Recent Examples on the Web The post-Haussmann-style building has long stunned from the outside, with a facade dating back to 1901 designed by French architect François Durel. Rachel Chang, Travel + Leisure, 1 Sep. 2021 The first choice is another big-box chain, which simply needs to polish the tile and put up a new facade. New York Times, 17 Aug. 2021 The Mexican restaurant is known for its decor, which includes a pink facade and large indoor waterfall, as well as its cliff divers and skits that feature an excitable actor in a gorilla costume. Thomas Peipert, ajc, 13 Aug. 2021 If this 5,400-pound Mercedes-Benz feels as if chiseled from a solid block of granite on a Ringstrasse facade, it’s because every fastener, seam and surface is engineered and finished for the long haul, and then hand-assembled in Graz, Austria. Robert Ross, Robb Report, 7 Aug. 2021 The west side of the building facing Broadway now will be torn down and replaced with a new facade, with the east side converted for production operations and office space. Doug George, chicagotribune.com, 4 Aug. 2021 Lianda Sjerps-Koomen, the firm’s business development manager, walks me through a factory floor the size of an aircraft hangar, pointing out teams of workers pulling together the various layers of raw materials for a wall facade. Willem Marx, Scientific American, 29 July 2021 After a first stage in which demonstrators were attacked and detained by security forces, the Cuban government is now erecting a legal facade to legitimize its actions, said José Miguel Vivanco, Americas director for Human Rights Watch. Santiago Pérez, WSJ, 20 July 2021 With a dark wooden facade supported by 12 columns, the elevated tree house has a large pine growing through its center. Sarah Molano, CNN, 14 July 2021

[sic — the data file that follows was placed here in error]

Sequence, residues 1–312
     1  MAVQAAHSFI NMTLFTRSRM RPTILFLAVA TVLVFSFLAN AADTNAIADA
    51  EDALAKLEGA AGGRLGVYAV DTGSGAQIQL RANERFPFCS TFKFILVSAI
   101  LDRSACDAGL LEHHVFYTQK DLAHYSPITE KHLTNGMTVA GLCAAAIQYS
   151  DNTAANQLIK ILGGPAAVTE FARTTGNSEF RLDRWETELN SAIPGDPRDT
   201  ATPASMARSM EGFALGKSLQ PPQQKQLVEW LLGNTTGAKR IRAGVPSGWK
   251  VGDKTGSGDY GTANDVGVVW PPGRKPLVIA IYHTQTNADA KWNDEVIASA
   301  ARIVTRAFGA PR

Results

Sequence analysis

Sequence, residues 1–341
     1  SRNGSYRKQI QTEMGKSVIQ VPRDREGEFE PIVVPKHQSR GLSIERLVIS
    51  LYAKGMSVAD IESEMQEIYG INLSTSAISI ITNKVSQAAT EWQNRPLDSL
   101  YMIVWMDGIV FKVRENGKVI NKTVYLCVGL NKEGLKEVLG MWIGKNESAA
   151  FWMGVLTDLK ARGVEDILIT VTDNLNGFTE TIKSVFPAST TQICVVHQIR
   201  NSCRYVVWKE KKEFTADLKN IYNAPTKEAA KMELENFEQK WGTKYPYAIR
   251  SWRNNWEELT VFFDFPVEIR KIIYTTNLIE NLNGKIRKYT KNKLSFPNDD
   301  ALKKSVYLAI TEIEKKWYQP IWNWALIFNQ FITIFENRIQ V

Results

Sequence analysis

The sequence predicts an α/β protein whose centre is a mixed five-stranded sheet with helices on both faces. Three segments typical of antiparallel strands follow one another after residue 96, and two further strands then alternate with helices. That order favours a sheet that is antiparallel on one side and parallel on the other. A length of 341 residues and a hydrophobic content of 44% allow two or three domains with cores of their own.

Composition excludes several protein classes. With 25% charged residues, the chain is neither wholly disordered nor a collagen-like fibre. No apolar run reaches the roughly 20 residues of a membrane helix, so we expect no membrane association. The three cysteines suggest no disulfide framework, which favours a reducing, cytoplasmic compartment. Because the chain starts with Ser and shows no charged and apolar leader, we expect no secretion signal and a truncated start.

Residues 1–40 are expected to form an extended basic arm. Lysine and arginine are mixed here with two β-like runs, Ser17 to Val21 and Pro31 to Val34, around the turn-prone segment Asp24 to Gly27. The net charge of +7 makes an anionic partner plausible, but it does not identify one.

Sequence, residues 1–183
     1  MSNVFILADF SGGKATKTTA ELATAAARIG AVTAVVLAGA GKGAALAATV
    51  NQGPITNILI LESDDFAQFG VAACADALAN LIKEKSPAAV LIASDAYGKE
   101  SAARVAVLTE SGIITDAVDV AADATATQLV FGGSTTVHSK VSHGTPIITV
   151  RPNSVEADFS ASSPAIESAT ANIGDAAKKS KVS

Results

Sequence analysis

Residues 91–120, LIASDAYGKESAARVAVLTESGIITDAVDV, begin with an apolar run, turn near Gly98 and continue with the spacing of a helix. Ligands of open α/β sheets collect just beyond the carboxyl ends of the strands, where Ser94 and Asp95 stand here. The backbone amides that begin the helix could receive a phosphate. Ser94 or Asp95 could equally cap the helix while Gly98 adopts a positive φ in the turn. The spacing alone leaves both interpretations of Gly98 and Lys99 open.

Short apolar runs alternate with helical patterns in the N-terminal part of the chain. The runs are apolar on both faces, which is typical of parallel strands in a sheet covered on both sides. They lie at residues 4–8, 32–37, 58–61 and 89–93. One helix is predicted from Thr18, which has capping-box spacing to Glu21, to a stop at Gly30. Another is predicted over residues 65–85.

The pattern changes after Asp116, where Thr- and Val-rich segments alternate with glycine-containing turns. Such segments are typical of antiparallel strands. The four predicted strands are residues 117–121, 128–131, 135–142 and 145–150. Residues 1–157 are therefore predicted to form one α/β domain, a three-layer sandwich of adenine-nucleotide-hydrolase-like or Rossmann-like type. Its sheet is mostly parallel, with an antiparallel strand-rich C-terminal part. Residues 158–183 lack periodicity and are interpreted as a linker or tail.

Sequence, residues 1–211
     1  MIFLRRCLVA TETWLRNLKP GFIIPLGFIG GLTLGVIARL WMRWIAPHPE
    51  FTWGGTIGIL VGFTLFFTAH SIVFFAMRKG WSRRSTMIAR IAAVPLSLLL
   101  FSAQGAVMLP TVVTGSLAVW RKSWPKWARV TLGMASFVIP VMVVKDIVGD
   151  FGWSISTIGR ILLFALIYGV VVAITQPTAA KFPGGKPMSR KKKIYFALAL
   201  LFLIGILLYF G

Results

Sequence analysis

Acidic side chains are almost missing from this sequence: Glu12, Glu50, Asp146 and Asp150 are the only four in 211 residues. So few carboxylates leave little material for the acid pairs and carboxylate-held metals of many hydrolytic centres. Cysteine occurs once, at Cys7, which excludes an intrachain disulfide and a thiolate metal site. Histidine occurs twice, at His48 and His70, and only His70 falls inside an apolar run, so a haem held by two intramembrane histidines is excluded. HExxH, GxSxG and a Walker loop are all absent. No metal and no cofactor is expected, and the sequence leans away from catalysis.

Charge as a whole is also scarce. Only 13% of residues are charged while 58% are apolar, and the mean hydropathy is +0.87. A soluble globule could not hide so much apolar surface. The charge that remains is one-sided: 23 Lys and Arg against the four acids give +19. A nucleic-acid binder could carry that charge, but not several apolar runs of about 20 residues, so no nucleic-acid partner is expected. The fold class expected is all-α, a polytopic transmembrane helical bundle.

These example sentences are selected automatically from various online news sources to reflect current usage of the word 'facade.' Views expressed in the examples do not represent the opinion of Merriam-Webster or its editors. Send us feedback.

See More

First Known Use of facade

circa 1681, in the meaning defined at sense 1

History and Etymology for facade

borrowed from French, going back to Middle French fassade, borrowed from Italian facciata, from faccia "face" (going back to Vulgar Latin *facia) + -ata -ade — more at face entry 1

Keep scrolling for more

Learn More About facade

Time Traveler for facade

Time Traveler

The first known use of facade was circa 1681

See more words from the same year

Dictionary Entries Near facade

FAC

facade

face

See More Nearby Entries 

Statistics for facade

Last Updated

26 Oct 2021

Cite this Entry

“Facade.” Merriam-Webster.com Dictionary, Merriam-Webster, https://www.merriam-webster.com/dictionary/facade. Accessed 26 Oct. 2021.

Style: MLA
MLACheck Mark Icon ChicagoCheck Mark Icon APACheck Mark Icon Merriam-WebsterCheck Mark Icon

Keep scrolling for more

More Definitions for facade

facade

noun
fa·​cade | \ fə-ˈsäd How to pronounce facade (audio) \

Kids Definition of facade

: the face or front of a building

More from Merriam-Webster on facade

Nglish: Translation of facade for Spanish Speakers

Britannica English: Translation of facade for Arabic Speakers

Britannica.com: Encyclopedia article about facade

WORD OF THE DAY

Test Your Vocabulary

Farm Idioms Quiz

  • cow coming home
  • What does 'poke' refer to in the expression 'pig in a poke'?
How Strong Is Your Vocabulary?

Test your vocabulary with our 10-question quiz!

TAKE THE QUIZ
Love words? Need even more definitions?

Subscribe to America's largest dictionary and get thousands more definitions and advanced search—ad free!